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Sheriff candidate challenge appealed to state board

Swain Sheriff Curtis Cochran and his attorney David Sawyer (left) speak to the Swain County Board of Elections during a preliminary hearing held for Cochran’s candidate challenge filed by Jerry Lowery (right). Swain Sheriff Curtis Cochran and his attorney David Sawyer (left) speak to the Swain County Board of Elections during a preliminary hearing held for Cochran’s candidate challenge filed by Jerry Lowery (right).

Swain County resident Jerry Lowery has appealed his candidate challenge against Sheriff Curtis Cochran to the N.C. Board of Elections after the county board dismissed the case earlier this month. 

Lowery only had two days to process his appeal to the state board after the newly seated Swain County Board of Elections dismissed the challenge on April 9. The state board is now required by law to make a decision on the appeal based on the transcripts of the public hearing and the evidence presented at the April 9 hearing held in Swain County. 

In his challenge, Lowery alleged Cochran was dishonorably discharged from the military in 1975 and as such is guilty of a felony under federal law, which would mean he is not eligible to run for sheriff in Swain County. According to North Carolina law, the burden of proof in a candidate challenge falls on the candidate who must show “by a preponderance of evidence” that he or she is qualified to run for election. 

Lowery’s candidate challenge asked Cochran to present his DD-214 military release form in order to prove whether or not he was dishonorably discharged from the military. When the challenge was first filed at the end of February, Cochran and his attorney David Sawyer told the local board of elections that Cochran did not have a copy of his DD-214 but had requested it from the federal government and asked for it to be expedited. 

When Cochran and Sawyer appeared at the public hearing April 9, Sawyer argued that Cochran was never issued a DD-214 form from the military because he had served less than 90 days of active duty. 

While Sawyer argued that military personnel with fewer that 90 days of active duty aren’t issued the form, a representative from the National Personal Records Center in St. Louis, Missouri, said that wasn’t the case. Julie Willi said that every service member with at least one day of active duty is normally issued a DD-214 form.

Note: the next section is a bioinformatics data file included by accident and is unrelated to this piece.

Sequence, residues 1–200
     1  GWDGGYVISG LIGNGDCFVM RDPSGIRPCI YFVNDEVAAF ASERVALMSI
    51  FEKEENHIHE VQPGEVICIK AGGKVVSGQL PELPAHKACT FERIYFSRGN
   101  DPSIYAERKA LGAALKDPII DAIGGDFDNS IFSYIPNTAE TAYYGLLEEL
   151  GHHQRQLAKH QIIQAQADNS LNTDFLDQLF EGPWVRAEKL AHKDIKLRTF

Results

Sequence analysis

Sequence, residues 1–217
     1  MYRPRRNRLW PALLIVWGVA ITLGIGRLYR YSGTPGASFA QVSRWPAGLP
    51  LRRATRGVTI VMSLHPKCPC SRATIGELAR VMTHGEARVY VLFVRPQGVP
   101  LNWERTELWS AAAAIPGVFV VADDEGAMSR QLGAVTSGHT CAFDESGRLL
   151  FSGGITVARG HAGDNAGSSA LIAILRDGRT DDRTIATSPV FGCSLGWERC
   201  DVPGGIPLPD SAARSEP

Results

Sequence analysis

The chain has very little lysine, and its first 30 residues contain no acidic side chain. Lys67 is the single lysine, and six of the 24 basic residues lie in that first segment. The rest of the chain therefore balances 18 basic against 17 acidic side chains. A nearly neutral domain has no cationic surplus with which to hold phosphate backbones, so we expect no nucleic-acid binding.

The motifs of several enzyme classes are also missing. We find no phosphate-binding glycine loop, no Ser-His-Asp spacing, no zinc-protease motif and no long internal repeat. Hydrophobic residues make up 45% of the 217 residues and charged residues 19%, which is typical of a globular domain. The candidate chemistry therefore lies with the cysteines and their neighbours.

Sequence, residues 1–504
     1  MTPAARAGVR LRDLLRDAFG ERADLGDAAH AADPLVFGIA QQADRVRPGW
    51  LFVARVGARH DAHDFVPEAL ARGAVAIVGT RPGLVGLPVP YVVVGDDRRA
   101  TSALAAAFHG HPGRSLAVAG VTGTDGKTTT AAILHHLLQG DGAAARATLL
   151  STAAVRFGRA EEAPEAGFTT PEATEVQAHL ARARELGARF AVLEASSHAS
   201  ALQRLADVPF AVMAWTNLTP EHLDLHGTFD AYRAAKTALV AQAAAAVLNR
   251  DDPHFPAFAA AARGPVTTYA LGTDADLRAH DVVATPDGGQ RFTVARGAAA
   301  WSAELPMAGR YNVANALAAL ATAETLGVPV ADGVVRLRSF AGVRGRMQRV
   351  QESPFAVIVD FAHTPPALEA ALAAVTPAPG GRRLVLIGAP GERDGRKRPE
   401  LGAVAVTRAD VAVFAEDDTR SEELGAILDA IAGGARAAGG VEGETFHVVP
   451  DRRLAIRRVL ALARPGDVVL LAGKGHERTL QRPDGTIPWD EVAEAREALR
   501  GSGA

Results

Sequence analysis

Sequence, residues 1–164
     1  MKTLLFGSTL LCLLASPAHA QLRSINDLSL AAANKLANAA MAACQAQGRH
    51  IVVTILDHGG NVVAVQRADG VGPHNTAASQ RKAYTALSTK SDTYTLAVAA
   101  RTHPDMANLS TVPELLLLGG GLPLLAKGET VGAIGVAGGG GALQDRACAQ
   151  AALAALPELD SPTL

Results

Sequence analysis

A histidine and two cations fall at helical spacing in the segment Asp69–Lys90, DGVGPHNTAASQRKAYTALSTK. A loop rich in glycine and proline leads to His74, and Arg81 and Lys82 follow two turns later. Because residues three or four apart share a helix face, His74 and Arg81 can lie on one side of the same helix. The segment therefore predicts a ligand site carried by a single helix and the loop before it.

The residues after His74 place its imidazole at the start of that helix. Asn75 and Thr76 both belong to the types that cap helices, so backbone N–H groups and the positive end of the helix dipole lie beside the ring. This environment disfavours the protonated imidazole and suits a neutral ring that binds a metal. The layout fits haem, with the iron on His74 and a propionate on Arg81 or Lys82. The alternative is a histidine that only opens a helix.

However, she said there were “certain reasons” why Cochran was not ever issued a DD-214 and those special circumstances are not available to the public. The national archives was able to release certain information about Cochran’s time in the military though — the dates he served, his duty status, assignments and place of separation. 

His personnel file shows that he served from June 12, 1975 to Aug. 30, 1975 and his duty status states he was discharged. Under the category “Transcript of Court-Martial Trial,” the record states “Not In File.”

Cochran said he reported to basic training at Parris Island on June 27 but his young son at the time had a medical emergency and the base chaplain sent him home for the surgery on Aug. 30. 

“Some time after this date — I don’t remember the exact date — I received a letter from the military stating that if I would sign a form releasing them from any VA or medical benefits, they would send me a discharge,” Cochran told The Smoky Mountain News. “I never thought anymore about the need to have a discharge paper, since by the military rules it should be an ELS (entry level separation) because I was there for less than 180 days.”

Lowery said he was disappointed with the public hearing process because the local board of elections didn’t put the burden of proof on Cochran and instead placed it on the complainant. The board members told Lowery the only issue in question was whether Cochran ever committed a felony. 

After Cochran’s administrative assistant Janet Cochran testified that the background checks she performed on the sheriff showed that he’ never been convicted or charged with a felony in the U.S., the board dismissed the candidate challenge.

Lowery claims military charges wouldn’t show up in the databases she ran the check through and no evidence was shown by the candidate as to his military discharge record, which is the basis for the challenge. 

“No evidence of the record pertaining to Curtis A. Cochran’s military discharge was ever submitted that supported the candidate’s requirement to prove under NC GA 163-127.5 that the candidate is not dishonorably discharged from the military and therefore is a felon as alleged in the ‘Candidate Challenge,’” Lowery wrote in the appeal. 

Lowery also stated that the board inappropriately placed the burden of proof on him instead of the candidate and also did not allow Lowery — who did not have an attorney to represent him at the public hearing — to present testimony and evidence that he thought was pertinent to the issue at hand. 

After Sawyer claimed people with less than 90 days of active service don’t receive a DD-214, Lowery attempted to call fellow Swain County resident Gerry Laschober to the stand to testify, but the board members said it was irrelevant to the case. Laschober is a military veteran with less than 90 days of active duty service due to an injury and wanted to present his DD-214 form to the board to show that he was honorably discharged and given a DD-214 form. 

The appeal paperwork and the transcripts from the April 9 public hearing have been submitted to the state board of elections, but as of press time on Tuesday, the state board hadn’t set a hearing date for the appeal. 

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